Chapter 10
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Chapter 10. Hotel and Lodging Operations. LODGING OPERATIONS. This module will focus on the function and operation of hotels. Although hotels range in size from under 100 rooms to over 5,000 rooms, functions remain essentially the same

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Chapter 10

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Chapter 10

Hotel and Lodging Operations


  • This module will focus on the function and operation of hotels. Although hotels range in size from under 100 rooms to over 5,000 rooms, functions remain essentially the same

  • Size does affect how responsibilities are separated however (and staffing)

  • Hotels are generally divided into three major functional areas


  • Rooms Division

    • Includes Front Desk, Reservations, Uniform Services (Security, etc.), and Housekeeping

  • Food and Beverage department

    • Includes Restaurants, Bars, Banquets and Room Service

  • Staff and support departments

    • Includes Accounting, Engineering, Marketing, Human Resources and Contracted areas


  • The Rooms Division is the heart of the hotel

  • It is the main business of the hotel and the main source of revenue

  • Rooms can contribute 70 percent or more to overall revenue and even more to profit


  • The Rooms Division is overseen by the Resident Manager (or Assistant General Manager) and various department heads


  • The center of activity in the Rooms Division is the Front Office

  • The Front Office is responsible for checking guests in, checking them out, securing payment, listening to complaints, communicating with other departments, determining room availability, and selling additional rooms, among other responsibilities


  • The Reservations department is responsible for taking reservations. Reservations can be made by the guest via other methods but many requests are still made through the hotel’s reservation department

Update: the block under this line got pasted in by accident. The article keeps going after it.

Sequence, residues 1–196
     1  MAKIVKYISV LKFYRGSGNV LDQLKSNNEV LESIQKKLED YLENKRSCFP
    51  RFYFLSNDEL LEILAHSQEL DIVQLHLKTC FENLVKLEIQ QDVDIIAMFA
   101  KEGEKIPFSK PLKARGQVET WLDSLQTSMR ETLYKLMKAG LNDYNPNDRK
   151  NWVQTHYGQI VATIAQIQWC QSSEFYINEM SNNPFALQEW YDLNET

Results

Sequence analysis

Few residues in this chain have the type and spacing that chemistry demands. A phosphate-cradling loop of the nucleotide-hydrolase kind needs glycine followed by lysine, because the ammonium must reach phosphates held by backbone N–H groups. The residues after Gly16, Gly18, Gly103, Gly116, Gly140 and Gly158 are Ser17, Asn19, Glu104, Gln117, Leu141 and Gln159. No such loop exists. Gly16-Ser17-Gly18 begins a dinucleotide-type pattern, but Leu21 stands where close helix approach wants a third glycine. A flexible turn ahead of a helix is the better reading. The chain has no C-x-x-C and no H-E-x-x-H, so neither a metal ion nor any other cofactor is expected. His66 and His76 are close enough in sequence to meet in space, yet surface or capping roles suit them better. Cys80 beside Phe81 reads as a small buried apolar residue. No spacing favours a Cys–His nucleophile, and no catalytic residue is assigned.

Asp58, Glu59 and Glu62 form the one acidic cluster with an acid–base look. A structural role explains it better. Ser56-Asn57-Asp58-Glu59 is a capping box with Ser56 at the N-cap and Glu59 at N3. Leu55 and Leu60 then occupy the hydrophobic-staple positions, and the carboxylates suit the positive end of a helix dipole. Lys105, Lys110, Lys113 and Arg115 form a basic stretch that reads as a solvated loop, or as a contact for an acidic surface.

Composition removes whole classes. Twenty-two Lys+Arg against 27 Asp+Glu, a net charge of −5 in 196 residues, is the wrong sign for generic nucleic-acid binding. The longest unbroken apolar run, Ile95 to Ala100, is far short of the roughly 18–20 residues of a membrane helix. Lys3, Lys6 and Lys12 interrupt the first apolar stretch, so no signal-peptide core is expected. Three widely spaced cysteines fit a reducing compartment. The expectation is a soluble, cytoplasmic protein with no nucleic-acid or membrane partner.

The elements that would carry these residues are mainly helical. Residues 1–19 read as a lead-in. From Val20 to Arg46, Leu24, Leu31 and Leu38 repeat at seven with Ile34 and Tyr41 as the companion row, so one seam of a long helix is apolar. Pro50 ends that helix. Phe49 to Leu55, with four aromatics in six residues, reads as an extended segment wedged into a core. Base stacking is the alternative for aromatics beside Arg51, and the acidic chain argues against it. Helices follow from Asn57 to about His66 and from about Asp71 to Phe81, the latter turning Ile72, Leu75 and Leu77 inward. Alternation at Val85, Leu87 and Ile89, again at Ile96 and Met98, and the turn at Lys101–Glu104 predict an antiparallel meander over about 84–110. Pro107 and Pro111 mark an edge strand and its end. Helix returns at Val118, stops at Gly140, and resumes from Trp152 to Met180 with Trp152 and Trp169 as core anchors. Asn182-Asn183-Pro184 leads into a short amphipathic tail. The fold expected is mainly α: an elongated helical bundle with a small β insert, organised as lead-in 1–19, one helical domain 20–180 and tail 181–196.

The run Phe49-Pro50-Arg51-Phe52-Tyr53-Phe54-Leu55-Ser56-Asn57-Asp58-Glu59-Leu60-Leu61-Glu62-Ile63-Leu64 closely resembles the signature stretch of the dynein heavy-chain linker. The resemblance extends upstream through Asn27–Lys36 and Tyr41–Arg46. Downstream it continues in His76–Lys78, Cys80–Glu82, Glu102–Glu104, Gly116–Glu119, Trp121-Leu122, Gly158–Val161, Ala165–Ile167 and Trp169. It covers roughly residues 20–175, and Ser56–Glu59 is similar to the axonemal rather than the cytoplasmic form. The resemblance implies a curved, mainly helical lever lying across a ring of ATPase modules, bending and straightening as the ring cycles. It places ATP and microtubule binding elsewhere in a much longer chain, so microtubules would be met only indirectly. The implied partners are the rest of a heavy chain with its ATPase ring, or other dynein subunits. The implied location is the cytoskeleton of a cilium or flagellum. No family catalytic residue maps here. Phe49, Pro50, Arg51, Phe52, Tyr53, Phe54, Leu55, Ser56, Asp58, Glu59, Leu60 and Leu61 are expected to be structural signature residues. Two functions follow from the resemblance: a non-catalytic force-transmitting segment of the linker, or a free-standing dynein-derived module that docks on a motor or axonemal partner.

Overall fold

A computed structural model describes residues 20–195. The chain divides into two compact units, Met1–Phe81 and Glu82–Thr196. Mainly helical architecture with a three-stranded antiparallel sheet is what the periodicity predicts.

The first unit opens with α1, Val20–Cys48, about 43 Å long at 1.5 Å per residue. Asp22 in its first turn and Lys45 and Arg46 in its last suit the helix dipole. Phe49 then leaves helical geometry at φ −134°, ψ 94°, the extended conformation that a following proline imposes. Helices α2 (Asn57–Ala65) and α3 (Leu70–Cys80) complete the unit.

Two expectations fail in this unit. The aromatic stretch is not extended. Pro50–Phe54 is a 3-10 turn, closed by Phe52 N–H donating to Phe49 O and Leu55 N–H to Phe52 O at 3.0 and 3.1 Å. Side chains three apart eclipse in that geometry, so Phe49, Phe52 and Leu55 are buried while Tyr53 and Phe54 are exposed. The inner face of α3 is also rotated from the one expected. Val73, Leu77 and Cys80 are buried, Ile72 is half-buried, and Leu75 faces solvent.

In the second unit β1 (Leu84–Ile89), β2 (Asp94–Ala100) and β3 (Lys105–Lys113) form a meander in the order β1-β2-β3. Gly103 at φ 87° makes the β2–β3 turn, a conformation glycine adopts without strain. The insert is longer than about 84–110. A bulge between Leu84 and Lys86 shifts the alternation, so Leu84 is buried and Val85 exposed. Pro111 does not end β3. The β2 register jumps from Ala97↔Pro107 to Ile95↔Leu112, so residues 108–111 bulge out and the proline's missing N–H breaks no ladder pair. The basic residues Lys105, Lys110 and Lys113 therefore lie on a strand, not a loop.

• Reservations must maintain contact with other departments as well as other reservations channels to be able to forecast available rooms


  • The Reservations department attempts to maximize (1) room rate and (2) occupancy rate

  • This is known as Yield Management – maximizing these two at any given time

  • Reservations departments must consider city wide events, competition, minimum stays, etc.


  • The essential requirement that guests have is to be able to check into a clean room

  • The Housekeeping Department is responsible for cleaning of guest rooms, stocking essential supplies and amenities, laundry (sometimes) and maintenance of public areas

  • Housekeeping is one of the largest departments in the hotel (up to 50 % of all employees)


  • The Executive Housekeeper is the head of the department

  • He or she must be adept at scheduling, coordinating, managing people, etc. A primary responsibility is overseeing room attendants

  • Room Attendants are responsible for cleaning of individual guest rooms

  • Housekeepers work from a Rooms Report which provides them with the status of all guest rooms from which they can prioritize their work


  • The Housekeeping Department must know at any given time, the occupancy of the hotel, the number of guests checking in, the number of guests checking out, the number of guests staying over, late check-outs, etc.

  • Rooms can take as little as 20 minutes or as much as 1 hour to clean and prepare for the next guest